Monthly Archives: September 2016

Dietary dilemmas

After a member of the Retinal Detachment support group on Facebook gave us all the heads up that the question of whether certain foods or nutritional supplements could improve eyesight was going to be explored on the BBC2 programme ‘Trust me, I’m a Doctor’, I decided I’d better dust off the TV and  tune in.  As the haunted fish tank is something which no longer features in my life, I completely forgot.  But – hurrah for iPlayer – I managed to catch up with it a couple of weeks later.

The programme mentioned the three carotenoids which are important for eye health: lutein, zeaxanthin, and meso-zeaxanthin.  These are pigments found in plants, which protect our eyes from damaging blue or UV light.  Lutein and zeaxanthin are found in green leafy vegetables such as kale and spinach, brightly coloured peppers, sweetcorn, broccoli, and a number of other fruits and vegetables (check out ‘Good Eye Food’ for a more complete list).  Meso-zeaxanthin can’t be found in plants but it’s believed that it’s made in our bodies from lutein.

The programme went on to refer to recent research undertaken by Professor John Nolan at the Waterford Institute of Technology in Ireland, which suggests that increasing the levels of these three carotenoids in our diets can improve our eyesight.  The programme makers put this to the test by conducting an experiment in which ten volunteers drank a green smoothie every day for five weeks.  The recipe had been designed so that it contained high levels of lutein and zeaxanthin, in order to find out whether it was possible to improve the eyesight of the volunteers through diet.  The presenter, Michael Moseley (by the way, he really *did* qualify as a doctor… I checked), also took part in the experiment, but he took supplements containing lutein, zeaxanthin, and meso-zeaxanthin every day for twelve weeks.  Now, I’m not even going to start discussing the results because these experiments are clearly flawed.  The sample size of ten volunteers for an experiment such as this is miniscule.  Not only that, but the viewer was given no information about the other variables or whether they had even been considered.  For example: were the volunteers all of the same age; did they have any medical conditions; what was their eyesight like to start with; what was the rest of their diet like… etc.  The timespan of five weeks also seems extremely short.  Not only that, but the programme didn’t compare like for like.  Results of ten volunteers over five weeks were directly compared to results of one (!) volunteer over twelve weeks.  Making the claim, “Research suggests that it’s cheaper and more effective to take supplements” based on these experiments is dodgy to say the least.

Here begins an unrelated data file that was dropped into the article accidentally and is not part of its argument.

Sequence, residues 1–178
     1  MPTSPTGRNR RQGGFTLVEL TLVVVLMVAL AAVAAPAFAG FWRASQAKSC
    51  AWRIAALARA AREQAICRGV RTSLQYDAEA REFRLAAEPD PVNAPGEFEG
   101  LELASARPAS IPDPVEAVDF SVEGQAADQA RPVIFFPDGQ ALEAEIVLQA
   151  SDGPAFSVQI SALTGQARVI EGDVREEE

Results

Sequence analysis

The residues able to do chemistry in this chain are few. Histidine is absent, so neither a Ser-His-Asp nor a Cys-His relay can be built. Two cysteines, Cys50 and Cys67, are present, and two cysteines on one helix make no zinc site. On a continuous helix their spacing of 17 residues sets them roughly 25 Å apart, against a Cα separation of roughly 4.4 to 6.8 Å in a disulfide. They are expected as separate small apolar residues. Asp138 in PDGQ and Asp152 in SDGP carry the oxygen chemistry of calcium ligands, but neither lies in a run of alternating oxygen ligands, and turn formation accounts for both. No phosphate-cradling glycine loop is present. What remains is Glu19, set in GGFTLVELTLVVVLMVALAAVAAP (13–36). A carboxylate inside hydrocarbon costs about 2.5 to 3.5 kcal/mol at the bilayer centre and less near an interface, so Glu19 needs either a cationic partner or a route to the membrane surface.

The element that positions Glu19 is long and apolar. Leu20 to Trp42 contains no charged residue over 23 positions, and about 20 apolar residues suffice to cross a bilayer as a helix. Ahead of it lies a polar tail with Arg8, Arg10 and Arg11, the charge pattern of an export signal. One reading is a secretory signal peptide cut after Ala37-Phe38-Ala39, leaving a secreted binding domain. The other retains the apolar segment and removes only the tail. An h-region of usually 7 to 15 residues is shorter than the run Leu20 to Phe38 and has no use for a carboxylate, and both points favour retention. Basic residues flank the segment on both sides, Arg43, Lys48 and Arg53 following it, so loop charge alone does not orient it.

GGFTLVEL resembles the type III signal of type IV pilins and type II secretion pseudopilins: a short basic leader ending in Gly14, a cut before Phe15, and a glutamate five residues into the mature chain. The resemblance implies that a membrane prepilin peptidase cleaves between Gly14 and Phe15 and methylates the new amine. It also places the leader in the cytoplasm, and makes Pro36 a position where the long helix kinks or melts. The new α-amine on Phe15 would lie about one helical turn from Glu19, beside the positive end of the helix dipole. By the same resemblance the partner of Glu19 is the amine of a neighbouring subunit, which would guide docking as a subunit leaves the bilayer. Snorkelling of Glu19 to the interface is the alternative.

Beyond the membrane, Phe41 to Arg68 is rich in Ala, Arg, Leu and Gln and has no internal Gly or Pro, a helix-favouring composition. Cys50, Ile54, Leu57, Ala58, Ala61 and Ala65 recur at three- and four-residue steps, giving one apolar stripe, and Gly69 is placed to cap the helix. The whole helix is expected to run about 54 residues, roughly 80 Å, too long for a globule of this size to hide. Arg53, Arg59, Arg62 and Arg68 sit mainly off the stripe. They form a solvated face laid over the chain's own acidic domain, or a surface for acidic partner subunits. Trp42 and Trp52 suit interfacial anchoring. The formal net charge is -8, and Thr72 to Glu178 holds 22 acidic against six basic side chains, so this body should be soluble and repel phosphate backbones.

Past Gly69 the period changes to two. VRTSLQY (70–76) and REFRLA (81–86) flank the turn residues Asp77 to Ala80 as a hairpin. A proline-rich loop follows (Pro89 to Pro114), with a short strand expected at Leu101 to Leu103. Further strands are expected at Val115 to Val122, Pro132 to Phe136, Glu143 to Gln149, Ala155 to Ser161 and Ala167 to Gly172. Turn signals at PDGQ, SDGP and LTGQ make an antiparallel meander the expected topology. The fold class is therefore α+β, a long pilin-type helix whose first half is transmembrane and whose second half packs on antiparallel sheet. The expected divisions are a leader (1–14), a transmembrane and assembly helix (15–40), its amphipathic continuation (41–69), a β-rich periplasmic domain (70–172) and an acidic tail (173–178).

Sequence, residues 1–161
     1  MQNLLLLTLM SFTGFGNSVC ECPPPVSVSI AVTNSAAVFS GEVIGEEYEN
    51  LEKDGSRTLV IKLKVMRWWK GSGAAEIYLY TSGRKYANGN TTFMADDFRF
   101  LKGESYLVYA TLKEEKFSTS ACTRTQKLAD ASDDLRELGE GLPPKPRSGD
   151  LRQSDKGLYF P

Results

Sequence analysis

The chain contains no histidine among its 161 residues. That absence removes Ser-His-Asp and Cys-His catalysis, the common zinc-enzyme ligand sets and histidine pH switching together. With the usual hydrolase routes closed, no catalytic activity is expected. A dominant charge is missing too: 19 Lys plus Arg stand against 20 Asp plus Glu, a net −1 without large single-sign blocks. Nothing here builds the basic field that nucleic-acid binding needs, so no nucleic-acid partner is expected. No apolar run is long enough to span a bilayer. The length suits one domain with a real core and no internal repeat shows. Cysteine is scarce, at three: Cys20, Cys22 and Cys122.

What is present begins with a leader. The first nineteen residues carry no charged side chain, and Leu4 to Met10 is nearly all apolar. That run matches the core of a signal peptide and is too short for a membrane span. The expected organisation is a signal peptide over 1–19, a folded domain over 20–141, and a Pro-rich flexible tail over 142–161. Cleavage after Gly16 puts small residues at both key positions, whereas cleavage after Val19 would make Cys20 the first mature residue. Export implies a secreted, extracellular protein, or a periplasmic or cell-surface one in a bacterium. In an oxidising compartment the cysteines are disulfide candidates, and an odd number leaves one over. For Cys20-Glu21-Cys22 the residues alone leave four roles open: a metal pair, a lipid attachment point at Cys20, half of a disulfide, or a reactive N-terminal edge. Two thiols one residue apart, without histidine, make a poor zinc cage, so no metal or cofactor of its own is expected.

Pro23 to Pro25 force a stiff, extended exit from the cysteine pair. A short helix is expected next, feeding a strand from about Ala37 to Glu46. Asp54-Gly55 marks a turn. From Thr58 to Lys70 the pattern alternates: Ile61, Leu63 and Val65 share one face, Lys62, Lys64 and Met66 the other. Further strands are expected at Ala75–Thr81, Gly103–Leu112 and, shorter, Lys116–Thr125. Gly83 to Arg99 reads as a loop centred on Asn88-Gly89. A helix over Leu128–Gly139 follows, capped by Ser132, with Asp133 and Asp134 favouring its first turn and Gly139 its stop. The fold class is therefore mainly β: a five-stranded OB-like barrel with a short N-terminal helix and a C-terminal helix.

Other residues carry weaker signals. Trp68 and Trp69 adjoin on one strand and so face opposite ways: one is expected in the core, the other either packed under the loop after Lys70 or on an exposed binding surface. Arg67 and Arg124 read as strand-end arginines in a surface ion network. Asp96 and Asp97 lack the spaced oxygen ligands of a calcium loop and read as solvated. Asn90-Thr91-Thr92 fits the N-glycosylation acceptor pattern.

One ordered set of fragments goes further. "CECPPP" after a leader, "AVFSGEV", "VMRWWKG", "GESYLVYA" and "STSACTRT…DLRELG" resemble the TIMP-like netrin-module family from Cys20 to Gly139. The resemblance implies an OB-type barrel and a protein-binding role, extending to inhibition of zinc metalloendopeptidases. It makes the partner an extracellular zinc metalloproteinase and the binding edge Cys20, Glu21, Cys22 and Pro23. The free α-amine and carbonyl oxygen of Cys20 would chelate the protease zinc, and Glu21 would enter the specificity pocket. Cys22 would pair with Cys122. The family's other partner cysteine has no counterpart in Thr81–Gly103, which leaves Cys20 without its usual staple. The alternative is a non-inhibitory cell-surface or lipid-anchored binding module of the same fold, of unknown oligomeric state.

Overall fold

Upon reading a couple of articles associated with the programme, I discovered that the Waterford Institute of Technology had carried out a year-long study of approximately 100 volunteers who all took the same supplements.  “I don’t get it!”, I complained to my sister, in annoyance.  “Why have they done this pseudo-scientific experiment when an actual proper researcher has carried out the work to obtain far more convincing data?  Why didn’t they just discuss the real research?”  “It’s telly, isn’t it?”, observed my sister with the wisdom of one who’s watched a fair amount of trash over the years.  “They’ve just dumbed it all down to reach a wider audience.”